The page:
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This is all more surprising since McAllister is blind! He lost his sight when he was 12, result of a degenerative eye disease. But he never lost his synesthesia.
Are we all born with joined sensation?
Though scientists can prove synesthesia exists physiologically, they still don't know what causes it. Some researchers think cross-wiring in brain produces phenomenon. Another theory is that everyone is born with synesthesia-that we, as infants, experience world as a jumble of interwoven sensations. Then, as most of us mature, our physical senses slowly become distinct and sharply defined, like images being brought into focus by a camera lens. With synesthetes this doesn' t happen.
For some, synesthetic perceptions seem to exist outside body. Carrie Schultz describes how she sees electric guitar riffs in purple swirls that envelop her.
For others, awareness is internal, in their "mind's eye." When Glenda Larcombe hears a truck backing up--making a beep- beep-beep sound--she sees beeps as a series of red dots. The mingling of senses is often difficult for synesthetes to describe. Larcombe, for instance, said red dots she sees when she hears beeping are not part of her actual vision. "It's not like I would see a red dot right in front of me-it's in my mind's eye" she says in an interview. She also reports feeling her interviewer's voice, "like a wave, like water, with yellow and orange."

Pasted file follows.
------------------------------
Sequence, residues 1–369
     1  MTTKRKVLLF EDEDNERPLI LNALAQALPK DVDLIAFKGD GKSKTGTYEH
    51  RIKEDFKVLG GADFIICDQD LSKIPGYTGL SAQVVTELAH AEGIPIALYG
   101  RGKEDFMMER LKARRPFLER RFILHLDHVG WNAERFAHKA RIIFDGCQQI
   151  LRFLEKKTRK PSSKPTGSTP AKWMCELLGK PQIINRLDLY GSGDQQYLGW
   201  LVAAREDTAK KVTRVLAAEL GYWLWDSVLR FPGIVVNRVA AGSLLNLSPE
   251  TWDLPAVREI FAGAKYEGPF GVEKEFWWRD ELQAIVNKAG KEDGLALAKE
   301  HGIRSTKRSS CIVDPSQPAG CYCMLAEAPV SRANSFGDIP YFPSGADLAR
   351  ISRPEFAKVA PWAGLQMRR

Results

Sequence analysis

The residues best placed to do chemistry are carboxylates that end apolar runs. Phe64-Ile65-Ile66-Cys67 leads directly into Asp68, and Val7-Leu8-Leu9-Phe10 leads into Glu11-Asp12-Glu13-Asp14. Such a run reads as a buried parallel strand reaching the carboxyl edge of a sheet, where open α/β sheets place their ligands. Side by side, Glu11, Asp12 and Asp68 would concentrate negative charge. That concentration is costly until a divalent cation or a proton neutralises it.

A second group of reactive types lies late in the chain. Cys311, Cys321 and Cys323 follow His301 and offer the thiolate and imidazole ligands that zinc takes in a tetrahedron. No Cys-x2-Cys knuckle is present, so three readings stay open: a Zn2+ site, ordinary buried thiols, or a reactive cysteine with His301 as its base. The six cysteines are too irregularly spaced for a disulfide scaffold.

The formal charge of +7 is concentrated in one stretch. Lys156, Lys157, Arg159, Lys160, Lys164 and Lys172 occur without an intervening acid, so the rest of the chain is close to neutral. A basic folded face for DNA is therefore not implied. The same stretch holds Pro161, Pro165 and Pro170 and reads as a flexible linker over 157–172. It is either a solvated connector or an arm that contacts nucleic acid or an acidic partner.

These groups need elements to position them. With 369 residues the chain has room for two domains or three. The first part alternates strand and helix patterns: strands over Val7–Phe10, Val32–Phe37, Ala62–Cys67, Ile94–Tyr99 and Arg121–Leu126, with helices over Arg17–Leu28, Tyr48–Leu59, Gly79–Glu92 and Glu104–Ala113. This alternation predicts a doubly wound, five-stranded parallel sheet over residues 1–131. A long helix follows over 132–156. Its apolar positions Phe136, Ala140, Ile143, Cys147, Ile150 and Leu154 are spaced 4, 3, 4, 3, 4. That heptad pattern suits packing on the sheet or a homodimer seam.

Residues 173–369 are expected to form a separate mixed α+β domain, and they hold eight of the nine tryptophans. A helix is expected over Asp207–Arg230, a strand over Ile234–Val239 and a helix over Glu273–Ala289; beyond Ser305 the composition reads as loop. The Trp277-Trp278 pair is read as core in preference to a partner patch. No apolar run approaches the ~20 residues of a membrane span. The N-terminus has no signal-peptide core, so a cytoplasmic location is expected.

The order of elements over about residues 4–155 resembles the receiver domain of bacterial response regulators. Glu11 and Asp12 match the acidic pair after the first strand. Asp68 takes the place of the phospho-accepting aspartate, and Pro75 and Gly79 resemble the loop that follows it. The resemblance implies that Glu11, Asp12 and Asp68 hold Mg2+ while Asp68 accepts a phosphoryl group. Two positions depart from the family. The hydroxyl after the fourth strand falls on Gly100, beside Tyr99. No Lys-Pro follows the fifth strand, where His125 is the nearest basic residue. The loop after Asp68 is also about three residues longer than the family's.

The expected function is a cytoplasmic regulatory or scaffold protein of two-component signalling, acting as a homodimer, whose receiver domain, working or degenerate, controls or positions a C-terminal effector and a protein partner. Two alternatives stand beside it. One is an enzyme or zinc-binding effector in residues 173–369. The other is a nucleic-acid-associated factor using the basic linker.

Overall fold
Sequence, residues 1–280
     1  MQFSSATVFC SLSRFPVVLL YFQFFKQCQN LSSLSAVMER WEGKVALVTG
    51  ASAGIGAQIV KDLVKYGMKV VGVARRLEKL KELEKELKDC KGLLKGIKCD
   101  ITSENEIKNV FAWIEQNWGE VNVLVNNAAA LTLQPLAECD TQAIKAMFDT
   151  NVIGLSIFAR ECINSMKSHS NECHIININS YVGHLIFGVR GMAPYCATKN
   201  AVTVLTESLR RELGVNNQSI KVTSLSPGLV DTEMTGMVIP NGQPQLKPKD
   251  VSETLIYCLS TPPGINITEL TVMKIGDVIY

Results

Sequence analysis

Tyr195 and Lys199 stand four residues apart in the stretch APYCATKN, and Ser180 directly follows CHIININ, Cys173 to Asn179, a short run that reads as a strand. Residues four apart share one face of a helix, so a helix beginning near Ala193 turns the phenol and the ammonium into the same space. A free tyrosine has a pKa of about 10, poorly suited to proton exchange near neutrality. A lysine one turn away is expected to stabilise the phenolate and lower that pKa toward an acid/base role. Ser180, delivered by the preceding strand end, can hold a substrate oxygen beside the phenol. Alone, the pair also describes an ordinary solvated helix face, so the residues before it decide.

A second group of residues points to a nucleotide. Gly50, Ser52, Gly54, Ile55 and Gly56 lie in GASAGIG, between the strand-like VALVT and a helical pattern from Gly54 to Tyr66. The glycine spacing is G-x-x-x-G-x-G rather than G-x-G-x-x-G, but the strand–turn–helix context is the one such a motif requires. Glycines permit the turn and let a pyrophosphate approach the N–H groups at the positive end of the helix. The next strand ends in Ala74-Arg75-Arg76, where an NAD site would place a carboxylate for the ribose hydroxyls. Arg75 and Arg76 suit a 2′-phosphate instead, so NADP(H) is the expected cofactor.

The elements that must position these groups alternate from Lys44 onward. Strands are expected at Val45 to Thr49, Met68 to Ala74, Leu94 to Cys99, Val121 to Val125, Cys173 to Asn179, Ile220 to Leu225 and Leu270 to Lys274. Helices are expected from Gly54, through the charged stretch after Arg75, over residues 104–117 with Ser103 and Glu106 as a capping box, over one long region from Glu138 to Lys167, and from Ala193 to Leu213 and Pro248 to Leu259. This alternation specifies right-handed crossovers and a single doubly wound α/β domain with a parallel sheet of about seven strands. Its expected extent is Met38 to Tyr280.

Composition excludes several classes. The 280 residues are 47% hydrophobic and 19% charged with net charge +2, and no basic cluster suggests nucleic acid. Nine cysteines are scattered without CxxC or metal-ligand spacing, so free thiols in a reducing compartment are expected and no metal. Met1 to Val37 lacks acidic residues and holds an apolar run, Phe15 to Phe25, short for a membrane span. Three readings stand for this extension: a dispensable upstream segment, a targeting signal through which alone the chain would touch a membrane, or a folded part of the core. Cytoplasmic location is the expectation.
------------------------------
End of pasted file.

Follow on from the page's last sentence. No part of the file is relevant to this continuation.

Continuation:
Ex-journalist, Page Getz says "God is blue." She describes headache pain as a kind of greenish-orange, music by rock group Nirvana as having taste or sensation of Dr Pepper, and color after sex as static silver. She quit her job as a journalist because her editors' word changes often disrupted what she saw as a sentence's natural chromatic progression.
Everyone's got blended senses to a degree
Psychologist Carol Mills says this sensory-blending ability might be a normal part of all adult brains. "It may go on in all of us even if we don't have synesthesia," said Mills. "For example, if I give you a very high-pitched note and a series of colors and ask you to match one, you are going to pick a light color. If I give you a low bass note, you are probably going to pick a dark color. The difference is when a synesthete hears a low note, they see dark. When they hear a high note, they see a light color."
No firm figures exist for how common synesthesia is. The best estimates range from 1 in 200 to 1 in 20,000.
Drawing from the wisdom of native and ancient spiritual traditions, Keith Varnum shares his 30 years of practical success as an author, personal coach, acupuncturist, filmmaker, radio host, restaurateur, vision quest guide and international seminar leader (The Dream Workshops). Keith helps people get the love, money and health they want with his FREE “Prosperity Ezine” at www.TheDream.com.